The data map, which was compiled by spatial analytics company Esri, shows that almost every state across the country has at least one county experiencing an "epidemic trend", or uncontrollable spread, of coronavirus cases, Daily Mail reported.
Of the 3,141 US counties, 1,918 are currently experiencing an epidemic outbreak, according to the data.
Every state has counties - 807 in total across the country - that are seeing spreading trends, which is an outbreak that could still be controlled if preventative measures are taken.
Arizona, Louisiana, Tennessee, Alabama, Florida, Mississippi, South Carolina, North Carolina, Delaware and Maryland are only seeing epidemic or spreading trends, the data shows.
The only three states that do not have an uncontrollable spread are in the far Northeast, including Maine, New Hampshire and Vermont.
Currently, the number of infections across the country has surpassed 4.66 million and more than 154,000 Americans have died from the virus.
Dr Deborah Birx, the head of the White House coronavirus task force, warned on Sunday that the US had reached a new phase of the outbreak with infections "extraordinarily widespread" in rural areas as well as cities.
As coronavirus cases continue to surge across much of the country, public health officials are trying to work with governors to tailor responses for each state.
"We are in a new phase," Birx told CNN's State of the Union, adding, "What we are seeing today is different from March and April. It is extraordinarily widespread."
Birx warned that people living in multi-generational households in an area that is experiencing an outbreak should wear masks inside the home to protect the elderly or those with underlying conditions.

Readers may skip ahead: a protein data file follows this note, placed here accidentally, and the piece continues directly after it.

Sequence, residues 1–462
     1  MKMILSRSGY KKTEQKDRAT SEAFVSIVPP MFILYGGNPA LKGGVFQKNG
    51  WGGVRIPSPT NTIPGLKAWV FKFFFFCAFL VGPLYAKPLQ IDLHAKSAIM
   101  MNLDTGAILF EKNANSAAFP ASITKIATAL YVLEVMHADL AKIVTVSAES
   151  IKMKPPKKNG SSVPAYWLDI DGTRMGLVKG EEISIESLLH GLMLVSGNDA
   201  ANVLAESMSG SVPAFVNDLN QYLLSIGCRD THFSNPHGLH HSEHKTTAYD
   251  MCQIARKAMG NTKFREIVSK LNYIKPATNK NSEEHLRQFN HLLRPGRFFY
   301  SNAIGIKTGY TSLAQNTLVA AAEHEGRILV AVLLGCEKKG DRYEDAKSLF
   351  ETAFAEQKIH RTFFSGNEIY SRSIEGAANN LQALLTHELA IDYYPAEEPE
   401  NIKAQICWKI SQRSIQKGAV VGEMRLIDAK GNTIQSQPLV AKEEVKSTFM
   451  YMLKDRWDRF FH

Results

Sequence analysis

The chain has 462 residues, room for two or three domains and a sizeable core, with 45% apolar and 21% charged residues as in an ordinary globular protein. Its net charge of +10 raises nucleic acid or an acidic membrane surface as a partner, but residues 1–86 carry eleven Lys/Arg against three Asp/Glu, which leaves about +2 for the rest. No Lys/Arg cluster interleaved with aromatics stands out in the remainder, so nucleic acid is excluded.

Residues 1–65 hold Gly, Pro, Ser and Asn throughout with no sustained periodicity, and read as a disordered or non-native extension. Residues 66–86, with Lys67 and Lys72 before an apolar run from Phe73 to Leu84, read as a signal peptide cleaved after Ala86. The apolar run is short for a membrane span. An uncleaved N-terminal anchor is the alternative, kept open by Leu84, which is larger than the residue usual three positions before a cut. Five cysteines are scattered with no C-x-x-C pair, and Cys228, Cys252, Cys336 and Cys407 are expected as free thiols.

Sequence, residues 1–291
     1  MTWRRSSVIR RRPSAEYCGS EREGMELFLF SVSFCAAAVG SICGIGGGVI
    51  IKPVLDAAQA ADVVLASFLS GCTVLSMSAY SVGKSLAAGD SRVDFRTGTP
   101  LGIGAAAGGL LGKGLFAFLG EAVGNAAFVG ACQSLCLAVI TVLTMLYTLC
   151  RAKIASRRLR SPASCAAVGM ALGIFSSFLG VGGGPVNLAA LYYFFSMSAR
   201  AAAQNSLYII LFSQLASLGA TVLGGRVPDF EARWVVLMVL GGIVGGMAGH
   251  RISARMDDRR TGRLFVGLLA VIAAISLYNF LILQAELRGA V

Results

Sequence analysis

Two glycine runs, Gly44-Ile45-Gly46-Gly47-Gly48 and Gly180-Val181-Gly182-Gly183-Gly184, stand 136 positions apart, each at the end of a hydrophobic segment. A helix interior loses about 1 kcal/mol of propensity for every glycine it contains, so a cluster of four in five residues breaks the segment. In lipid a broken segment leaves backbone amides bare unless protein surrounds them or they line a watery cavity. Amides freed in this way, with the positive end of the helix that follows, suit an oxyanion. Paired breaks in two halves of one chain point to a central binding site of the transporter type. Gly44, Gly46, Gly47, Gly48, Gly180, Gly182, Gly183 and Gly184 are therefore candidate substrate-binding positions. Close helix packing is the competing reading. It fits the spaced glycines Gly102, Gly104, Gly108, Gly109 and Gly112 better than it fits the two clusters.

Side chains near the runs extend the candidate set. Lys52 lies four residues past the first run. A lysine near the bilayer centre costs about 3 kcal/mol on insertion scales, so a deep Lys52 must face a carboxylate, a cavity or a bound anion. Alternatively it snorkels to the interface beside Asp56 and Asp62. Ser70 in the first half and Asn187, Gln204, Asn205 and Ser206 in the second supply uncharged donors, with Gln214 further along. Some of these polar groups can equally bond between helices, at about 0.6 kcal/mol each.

She said federal officials have been working on individual reports for each state by examining community trends and hospital records.
"Each of these responses have to be dramatically tailored," she said, adding that what she had witnessed visiting 14 states over the last three weeks gave her cause of concern.
"As I traveled around the country, I saw all of America moving," Birx said, adding, "If you have chosen to go on vacation into a hot spot, you really need to come back and protect those with comorbidities and assume you're infected."
Meanwhile, Admiral Brett Giroir, an assistant Health and Human Services secretary, continued to stress the importance of wearing masks.
"If we don't do that, and if we don't limit the indoor crowded spaces, the virus will continue to run," he told NBC's Meet the Press.
"We are very concerned and this is a very serious point," he added.
"That's why we're going to all the states, we're on local radio, we give specific instructions to every governor by county, what they need to do when we start - when those counties start tipping yellow, because that's the time when you have to stamp it down," Giroir added.
The US recorded nearly 49,000 new infections on Sunday, which is down considerably from the daily average 60,000 over the past few weeks.
The lower count was due, in part, to Texas not reporting cases due to system upgrades. The state is due to release the figures on Monday.
The number of cases has been trending downwards after reaching daily peaks in mid-July in mostly Sunbelt states including Texas, Arizona, California and Florida.
While daily cases in those hotspot states are showing signs of a decline, deaths appear to be increasing.
Even though deaths are rising across the US, they remain well below levels seen in April when an average of 2,000 people a day were dying from the virus.
Health experts have indicated the death toll may not be as bad this time around possibly because a large share of the current cases are younger people, who are less likely to die, and because of advances in treatment and knowledge of the virus.
Deaths are a lagging indicator and can continue to rise weeks after new infections drop. A coronavirus death, when it occurs, typically comes several weeks after a person is first infected.
The University of Washington's Institute for Health Metrics and Evaluation predicted in March that the pandemic could kill more than 81,000 people by July.
In its latest statement in mid-July, the IHME said its model now projects the death toll at more than 224,000 by November 1.
It said many fatalities could be avoided by preventative measures such as masks and social distancing.